I became closely associated with Mr. Rangaswami in 1990, when, after an absence of almost 12 years, he returned to the Valley. He came this time without any specific designation, but with a well-defined purpose — to create an officially recognized sanctuary for birds, and to continue his field ornithology work along scientific lines. His survey indicated that the number of species in the Valley had more than doubled — earlier years of conservation seemed to have paid off. (The most recent bird count taken in December, 2001 stands at 201). In 1994, Mr. Rangaswami celebrated these events with a book, Birds of Rishi Valley and Renewal of Their Habitats. Richly illustrated, with photographs by his friend and co-author S. Sridhar, the book won favourable reviews in many leading newspapers and journals. Harry Miller called some of the prose magical, Sanctuary Asia magazine proninently featured a chapter of the book and Mahesh Rangarajan of the Nehru Memorial Library in New Delhi described the writing as ‘... vintage natural history, reminiscent of the late M. Krishnan.’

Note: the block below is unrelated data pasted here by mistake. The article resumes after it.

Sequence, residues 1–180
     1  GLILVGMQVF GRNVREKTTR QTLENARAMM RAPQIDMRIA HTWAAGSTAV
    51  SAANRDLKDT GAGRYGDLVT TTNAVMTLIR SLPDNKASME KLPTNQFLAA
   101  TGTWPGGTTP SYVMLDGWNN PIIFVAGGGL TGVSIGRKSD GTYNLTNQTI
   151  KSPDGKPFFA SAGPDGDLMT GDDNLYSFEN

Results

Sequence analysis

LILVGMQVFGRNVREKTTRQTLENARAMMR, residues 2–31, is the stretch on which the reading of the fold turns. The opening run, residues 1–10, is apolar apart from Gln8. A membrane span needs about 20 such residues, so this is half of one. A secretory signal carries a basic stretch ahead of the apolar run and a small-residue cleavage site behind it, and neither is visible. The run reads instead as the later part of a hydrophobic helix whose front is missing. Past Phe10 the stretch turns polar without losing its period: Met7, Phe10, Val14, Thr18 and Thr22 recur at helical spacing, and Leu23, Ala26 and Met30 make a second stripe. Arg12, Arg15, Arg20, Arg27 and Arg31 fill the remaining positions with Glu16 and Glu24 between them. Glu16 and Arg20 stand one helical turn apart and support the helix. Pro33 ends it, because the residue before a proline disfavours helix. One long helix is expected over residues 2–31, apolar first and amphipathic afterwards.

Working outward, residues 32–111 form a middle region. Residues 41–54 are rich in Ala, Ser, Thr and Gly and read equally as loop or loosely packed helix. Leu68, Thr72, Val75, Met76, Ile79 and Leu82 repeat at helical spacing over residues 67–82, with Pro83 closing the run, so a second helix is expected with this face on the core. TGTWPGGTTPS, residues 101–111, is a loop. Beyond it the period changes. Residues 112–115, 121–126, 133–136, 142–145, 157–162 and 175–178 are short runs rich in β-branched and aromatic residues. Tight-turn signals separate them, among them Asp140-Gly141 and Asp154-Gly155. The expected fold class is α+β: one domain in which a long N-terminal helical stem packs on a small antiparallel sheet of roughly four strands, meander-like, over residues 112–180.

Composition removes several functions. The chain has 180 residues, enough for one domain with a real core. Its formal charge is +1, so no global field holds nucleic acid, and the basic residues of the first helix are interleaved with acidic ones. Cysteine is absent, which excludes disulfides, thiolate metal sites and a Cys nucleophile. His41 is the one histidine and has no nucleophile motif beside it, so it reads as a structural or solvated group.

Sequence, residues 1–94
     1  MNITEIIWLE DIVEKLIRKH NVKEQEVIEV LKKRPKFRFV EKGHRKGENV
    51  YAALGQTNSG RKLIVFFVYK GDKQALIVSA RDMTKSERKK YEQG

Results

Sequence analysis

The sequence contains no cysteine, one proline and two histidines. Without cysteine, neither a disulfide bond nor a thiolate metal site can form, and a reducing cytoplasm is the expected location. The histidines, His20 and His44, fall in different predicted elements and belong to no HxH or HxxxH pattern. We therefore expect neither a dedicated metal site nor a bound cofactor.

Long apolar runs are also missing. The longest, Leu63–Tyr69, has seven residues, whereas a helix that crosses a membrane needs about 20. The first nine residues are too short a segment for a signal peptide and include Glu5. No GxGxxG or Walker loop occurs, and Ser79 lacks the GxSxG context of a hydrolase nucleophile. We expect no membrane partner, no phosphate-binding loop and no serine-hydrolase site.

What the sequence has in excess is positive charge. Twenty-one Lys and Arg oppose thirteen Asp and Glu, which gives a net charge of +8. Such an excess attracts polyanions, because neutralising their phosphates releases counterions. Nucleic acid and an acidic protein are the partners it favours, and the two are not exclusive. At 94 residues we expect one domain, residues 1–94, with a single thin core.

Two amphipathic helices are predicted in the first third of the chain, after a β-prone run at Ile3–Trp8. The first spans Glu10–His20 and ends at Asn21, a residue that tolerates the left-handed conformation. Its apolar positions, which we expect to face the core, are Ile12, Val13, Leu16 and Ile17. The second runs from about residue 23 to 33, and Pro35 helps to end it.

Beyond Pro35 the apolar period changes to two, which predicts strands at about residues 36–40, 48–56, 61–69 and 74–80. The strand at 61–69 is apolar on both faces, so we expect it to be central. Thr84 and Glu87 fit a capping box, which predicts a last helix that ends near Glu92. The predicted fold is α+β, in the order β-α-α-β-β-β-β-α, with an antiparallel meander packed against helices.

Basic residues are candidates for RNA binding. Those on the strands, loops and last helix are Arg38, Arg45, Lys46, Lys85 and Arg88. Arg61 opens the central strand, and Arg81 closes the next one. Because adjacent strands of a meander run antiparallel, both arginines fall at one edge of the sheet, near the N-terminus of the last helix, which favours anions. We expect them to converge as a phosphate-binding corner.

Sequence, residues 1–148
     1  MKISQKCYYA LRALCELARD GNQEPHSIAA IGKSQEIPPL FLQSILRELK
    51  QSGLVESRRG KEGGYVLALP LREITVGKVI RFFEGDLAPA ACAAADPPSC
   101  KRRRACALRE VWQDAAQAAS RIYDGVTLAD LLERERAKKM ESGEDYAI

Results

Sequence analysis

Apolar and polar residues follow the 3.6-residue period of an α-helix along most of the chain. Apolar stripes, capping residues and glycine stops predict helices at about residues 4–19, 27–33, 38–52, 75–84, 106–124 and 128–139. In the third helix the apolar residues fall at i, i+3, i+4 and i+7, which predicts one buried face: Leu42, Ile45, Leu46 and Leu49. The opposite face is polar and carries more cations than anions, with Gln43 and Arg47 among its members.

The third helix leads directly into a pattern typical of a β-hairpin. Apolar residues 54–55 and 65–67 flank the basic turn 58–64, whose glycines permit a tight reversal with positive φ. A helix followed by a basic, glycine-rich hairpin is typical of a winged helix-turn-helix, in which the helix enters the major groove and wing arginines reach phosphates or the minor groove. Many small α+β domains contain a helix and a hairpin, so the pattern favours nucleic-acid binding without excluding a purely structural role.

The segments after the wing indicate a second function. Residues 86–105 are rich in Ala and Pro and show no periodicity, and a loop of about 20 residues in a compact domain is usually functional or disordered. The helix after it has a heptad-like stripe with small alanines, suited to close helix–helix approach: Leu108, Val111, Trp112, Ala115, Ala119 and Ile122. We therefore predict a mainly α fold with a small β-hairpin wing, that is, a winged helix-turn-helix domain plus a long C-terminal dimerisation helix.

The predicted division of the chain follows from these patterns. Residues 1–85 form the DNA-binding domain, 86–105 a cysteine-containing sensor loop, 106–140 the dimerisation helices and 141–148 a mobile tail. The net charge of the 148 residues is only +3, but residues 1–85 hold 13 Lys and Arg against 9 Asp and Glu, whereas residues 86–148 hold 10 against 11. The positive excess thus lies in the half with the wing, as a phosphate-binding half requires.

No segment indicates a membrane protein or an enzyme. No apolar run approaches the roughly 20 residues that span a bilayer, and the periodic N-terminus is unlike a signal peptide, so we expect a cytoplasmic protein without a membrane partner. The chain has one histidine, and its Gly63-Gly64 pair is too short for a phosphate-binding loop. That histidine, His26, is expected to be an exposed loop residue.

In April1997, Mr. Rangaswami’s established a Department of Bird Studies as part of Rishi Valley School. In order to create a permanent presence for the department, he upgraded it to its present status, an Institute of Bird Studies and Natural History. The Institute, which lists the eminent ornithologist Dr. Shantaram on its faculty, draws visiting naturalists from different parts of the country to the valley and engages in conservation activities. Mr. Rangaswami extended the range of the Institute’s activities still further by creating an ambitious Home Study Course on ornithology. He single-handedly wrote out all 23 out of the 25 chapters of this course in two months, in a period of feverish creativity. When the designing of this course and production of the study material presented additional problems, he switched roles and became an assiduous fundraiser. The funds he collected now support a scholarship scheme for prospective students, which include housewives, senior citizens, and school going children, as well as underprivileged members of society from almost every state in India. Mr. Rangaswami plans to conduct training courses in ecological restoration, bird identification in the field and bird census surveys in the summer, when students are out of school and college. ‘He is a role model to all of us,’ wrote Professor M. S. Swaminathan of Mr. Rangaswami’s work.